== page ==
Brady Center Sues Florida Gun Dealer Lock N Load for Selling Straw Purchased Gun Used in Double Homicide | Brady Campaign to Prevent Gun Violence

Brady Center Sues Florida Gun Dealer Lock N Load for Selling Straw Purchased Gun Used in Double Homicide

THE BRADY CENTER TO PREVENT GUN VIOLENCE

FOR IMMEDIATE RELEASE

October 16, 2014
Contact: Jennifer Fuson
202-370-8128
jfuson [at] bradymail [dot] org 

Brady Center Sues Florida Gun Dealer Lock N Load for
Selling Straw Purchased Gun Used in Double Homicide 

Lawsuit is Part of National Campaign against Irresponsible “Bad Apple” Gun Dealers

Tampa, Fla. – Local gun dealer Lock N Load, the seller of the gun and ammunition a teenager used to murder his mother and her boyfriend, is liable for their deaths, according to a lawsuit filed today for the families of the victims by the Brady Center to Prevent Gun Violence and White & Case LLP, which are providing pro bono counsel. The lawsuit alleges Lock N Load of Oldsmar, Florida had reason to know that the sale of the gun used in the murder was a straw purchase.

“Two people lost their lives because a dangerous teenager was able to arm himself through a straw purchase that never should have happened,” said Jonathan Lowy, Director of the Brady Center’s Legal Action Project and co-counsel for the plaintiffs. “Most gun dealers are responsible business people who would never engage in straw sales of firearms, but unfortunately a few ‘bad apple’ dealers endanger our communities by putting profits over the lives of people, and choosing to supply the criminal gun market.”

The lawsuit is the second filed in the past five weeks as part of Brady’s national campaign to stop “bad apple” gun dealers, the roughly five percent of gun dealers that supply nearly all of the guns used in crimes across the nation. The campaign aims to use legal action and public pressure to stop the flow of guns from irresponsible dealers to criminals and dangerous people.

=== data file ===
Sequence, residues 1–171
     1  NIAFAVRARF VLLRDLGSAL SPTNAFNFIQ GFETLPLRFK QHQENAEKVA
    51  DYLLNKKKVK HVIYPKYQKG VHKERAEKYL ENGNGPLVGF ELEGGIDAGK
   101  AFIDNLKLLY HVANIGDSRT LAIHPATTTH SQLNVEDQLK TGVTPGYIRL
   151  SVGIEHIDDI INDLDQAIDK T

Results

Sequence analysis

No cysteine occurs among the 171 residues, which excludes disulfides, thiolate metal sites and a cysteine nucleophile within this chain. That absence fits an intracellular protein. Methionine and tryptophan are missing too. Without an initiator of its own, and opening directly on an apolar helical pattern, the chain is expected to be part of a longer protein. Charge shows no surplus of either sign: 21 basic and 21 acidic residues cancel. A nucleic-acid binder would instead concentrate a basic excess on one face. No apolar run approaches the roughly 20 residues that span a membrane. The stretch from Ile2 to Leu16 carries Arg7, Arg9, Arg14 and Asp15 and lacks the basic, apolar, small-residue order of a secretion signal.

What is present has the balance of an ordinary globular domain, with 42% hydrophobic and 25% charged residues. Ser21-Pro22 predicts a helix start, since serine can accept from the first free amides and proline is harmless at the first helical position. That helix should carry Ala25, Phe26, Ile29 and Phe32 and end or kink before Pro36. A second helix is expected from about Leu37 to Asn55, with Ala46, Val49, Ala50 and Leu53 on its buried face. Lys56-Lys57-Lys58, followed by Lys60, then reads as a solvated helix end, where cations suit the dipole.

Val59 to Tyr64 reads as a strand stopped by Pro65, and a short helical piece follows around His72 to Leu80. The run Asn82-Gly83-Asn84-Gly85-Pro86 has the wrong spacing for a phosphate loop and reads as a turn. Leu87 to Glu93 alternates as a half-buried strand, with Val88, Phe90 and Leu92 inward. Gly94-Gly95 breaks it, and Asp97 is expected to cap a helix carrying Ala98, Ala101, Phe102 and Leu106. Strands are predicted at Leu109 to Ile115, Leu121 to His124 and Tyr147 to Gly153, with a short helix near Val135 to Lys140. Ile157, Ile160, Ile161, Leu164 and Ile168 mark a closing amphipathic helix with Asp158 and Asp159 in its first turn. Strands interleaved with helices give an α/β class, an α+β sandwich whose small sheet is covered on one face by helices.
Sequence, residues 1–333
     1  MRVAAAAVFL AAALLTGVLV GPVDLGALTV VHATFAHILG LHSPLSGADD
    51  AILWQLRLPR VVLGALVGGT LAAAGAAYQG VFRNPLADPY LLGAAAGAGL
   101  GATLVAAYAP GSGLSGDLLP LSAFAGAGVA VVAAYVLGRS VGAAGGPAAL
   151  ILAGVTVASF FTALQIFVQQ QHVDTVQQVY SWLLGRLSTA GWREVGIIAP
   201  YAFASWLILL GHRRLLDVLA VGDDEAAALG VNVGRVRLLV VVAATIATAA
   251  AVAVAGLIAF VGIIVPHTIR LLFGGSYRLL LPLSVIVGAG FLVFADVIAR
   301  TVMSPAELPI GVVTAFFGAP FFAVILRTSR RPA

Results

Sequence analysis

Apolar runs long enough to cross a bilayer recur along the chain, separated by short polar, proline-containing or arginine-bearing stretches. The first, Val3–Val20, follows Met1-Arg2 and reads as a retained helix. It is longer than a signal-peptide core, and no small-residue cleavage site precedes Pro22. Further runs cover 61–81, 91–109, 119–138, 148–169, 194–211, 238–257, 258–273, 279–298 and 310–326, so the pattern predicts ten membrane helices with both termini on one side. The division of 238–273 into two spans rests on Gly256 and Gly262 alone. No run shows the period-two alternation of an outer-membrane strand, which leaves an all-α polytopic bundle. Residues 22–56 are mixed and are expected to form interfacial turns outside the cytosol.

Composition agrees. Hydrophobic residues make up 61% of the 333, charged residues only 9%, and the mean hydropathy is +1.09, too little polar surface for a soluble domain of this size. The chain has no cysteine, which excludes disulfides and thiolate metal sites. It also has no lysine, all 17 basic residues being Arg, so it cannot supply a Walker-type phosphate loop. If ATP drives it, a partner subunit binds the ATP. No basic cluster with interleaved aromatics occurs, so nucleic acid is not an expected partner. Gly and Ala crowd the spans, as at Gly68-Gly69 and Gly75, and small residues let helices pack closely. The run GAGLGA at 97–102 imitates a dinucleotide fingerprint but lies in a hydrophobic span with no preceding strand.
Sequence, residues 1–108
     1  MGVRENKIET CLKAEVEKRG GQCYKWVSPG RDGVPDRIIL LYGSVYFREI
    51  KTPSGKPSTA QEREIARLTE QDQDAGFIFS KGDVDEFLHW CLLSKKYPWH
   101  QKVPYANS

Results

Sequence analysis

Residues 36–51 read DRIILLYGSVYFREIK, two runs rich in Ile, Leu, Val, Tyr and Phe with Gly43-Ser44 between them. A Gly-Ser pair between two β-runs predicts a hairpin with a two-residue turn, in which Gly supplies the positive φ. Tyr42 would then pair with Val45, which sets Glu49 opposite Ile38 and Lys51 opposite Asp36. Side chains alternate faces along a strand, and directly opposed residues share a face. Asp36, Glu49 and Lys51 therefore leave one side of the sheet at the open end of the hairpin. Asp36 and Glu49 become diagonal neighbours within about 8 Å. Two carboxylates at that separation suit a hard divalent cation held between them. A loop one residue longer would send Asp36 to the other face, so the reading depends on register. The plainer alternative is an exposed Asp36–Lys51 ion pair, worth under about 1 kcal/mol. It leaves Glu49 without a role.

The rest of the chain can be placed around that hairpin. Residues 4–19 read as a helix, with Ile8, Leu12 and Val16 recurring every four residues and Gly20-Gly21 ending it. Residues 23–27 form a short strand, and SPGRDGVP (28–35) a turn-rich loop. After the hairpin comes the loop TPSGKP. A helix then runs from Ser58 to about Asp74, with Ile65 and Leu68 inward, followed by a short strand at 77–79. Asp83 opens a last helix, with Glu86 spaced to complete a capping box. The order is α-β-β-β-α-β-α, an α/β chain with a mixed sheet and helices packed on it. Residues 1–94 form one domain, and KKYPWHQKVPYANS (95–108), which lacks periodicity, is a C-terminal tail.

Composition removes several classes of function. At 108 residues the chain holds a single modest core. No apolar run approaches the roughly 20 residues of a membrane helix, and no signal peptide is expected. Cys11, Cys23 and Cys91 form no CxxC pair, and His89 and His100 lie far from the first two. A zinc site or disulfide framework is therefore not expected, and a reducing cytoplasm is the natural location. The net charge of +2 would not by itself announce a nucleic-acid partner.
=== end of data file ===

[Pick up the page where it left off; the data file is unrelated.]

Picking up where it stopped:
“‘Bad apple’ gun dealers must be held accountable for their irresponsible sales practices in order to make our communities safer,” added Lowy. “We want to send a message to the gun industry that they need to clean up their business practices, or they will be held accountable for the damage they cause.”

According to the lawsuit, Benjamin Bishop of Oldsmar, Florida obtained a shotgun from Lock N Load through a straw purchase carried out by a friend in 2012. Bishop, who suffers from schizophrenia and had a history of drug abuse, attempted to buy the shotgun but was denied because he had a criminal record. The lawsuit alleges that the dealer later sold the gun to Bishop’s friend when the two teens returned to the store, and that Bishop returned a third time and was sold ammunition, despite the store’s knowledge of his criminal record.

In 2012, Bishop used the shotgun and ammunition to kill his mother Imari Shibata and her boyfriend Kelley Allen.

The lawsuit alleges that Lock N Load failed to take reasonable steps to determine whether Bishop’s friend was the actual purchaser of the shotgun, and that it was foreseeable that providing a gun to a straw purchaser, and ammunition to a prohibited purchaser, was likely to lead to death or injury.

The plaintiffs are represented by Jonathan Lowy, Alla Lefkowitz and Kelly Sampson of the Brady Center to Prevent Gun Violence Legal Action Project in Washington, D.C., and Evan Goldenberg and Adam Schwartzbaum of White & Case LLP in Miami, Florida. The suit was filed in the Circuit Court of the Sixth Judicial Circuit in Pinellas County, Florida.

For 25 years the Brady Center’s Legal Action Project has brought lawsuits against gun dealers that have forced them to change the way they sell guns, and forced others out of business. Brady’s new campaign against “bad apple” dealers intensifies and expands efforts to reform the worst dealers in the gun industry by increasing legal actions to hold the “bad apples” accountable in court.

The Brady Center has brought numerous cases in Florida, including a pending lawsuit against Florida’s gag rule that prevents doctors from discussing firearms with patients; a lawsuit on behalf of the widow of school teacher Barry Grunow, who was shot and killed by a student, which won a $24 million verdict, later reversed in part on appeal; and a past lawsuit on behalf of Miami-Dade County against the firearms industry.

A copy of the complaint is available online

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The mission of the Brady organization is to create a safer America for all of us that will lead to a dramatic reduction in gun deaths and injuries. For more insight on gun violence prevention, follow us on Facebook at the Brady Campaign to Prevent Gun Violence and Twitter @BradyBuzz.